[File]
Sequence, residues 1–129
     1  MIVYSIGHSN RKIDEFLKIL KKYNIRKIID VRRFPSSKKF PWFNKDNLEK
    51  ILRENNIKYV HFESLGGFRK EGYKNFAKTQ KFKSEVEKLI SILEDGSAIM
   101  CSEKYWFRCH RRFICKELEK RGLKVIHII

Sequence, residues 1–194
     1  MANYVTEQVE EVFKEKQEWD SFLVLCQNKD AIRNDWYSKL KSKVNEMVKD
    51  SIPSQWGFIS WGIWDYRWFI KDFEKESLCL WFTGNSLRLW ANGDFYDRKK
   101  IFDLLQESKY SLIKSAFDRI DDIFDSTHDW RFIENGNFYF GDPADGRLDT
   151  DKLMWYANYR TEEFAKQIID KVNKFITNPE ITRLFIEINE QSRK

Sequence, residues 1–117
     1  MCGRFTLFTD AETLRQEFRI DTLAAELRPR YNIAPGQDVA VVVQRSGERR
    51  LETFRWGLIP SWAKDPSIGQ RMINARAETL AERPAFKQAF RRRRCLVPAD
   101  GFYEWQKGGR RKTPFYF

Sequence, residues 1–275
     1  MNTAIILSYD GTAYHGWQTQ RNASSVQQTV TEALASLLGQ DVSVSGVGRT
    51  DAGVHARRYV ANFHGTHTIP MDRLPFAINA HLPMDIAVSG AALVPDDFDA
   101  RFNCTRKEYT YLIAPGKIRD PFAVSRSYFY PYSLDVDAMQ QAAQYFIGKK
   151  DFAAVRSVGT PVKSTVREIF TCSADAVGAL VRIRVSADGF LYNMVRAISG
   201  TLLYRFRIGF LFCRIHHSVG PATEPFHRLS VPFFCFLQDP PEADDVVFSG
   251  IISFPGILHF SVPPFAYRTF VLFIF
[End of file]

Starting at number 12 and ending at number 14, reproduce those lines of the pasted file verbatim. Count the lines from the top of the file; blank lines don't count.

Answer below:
    51  LETFRWGLIP SWAKDPSIGQ RMINARAETL AERPAFKQAF RRRRCLVPAD
   101  GFYEWQKGGR RKTPFYF

Sequence, residues 1–275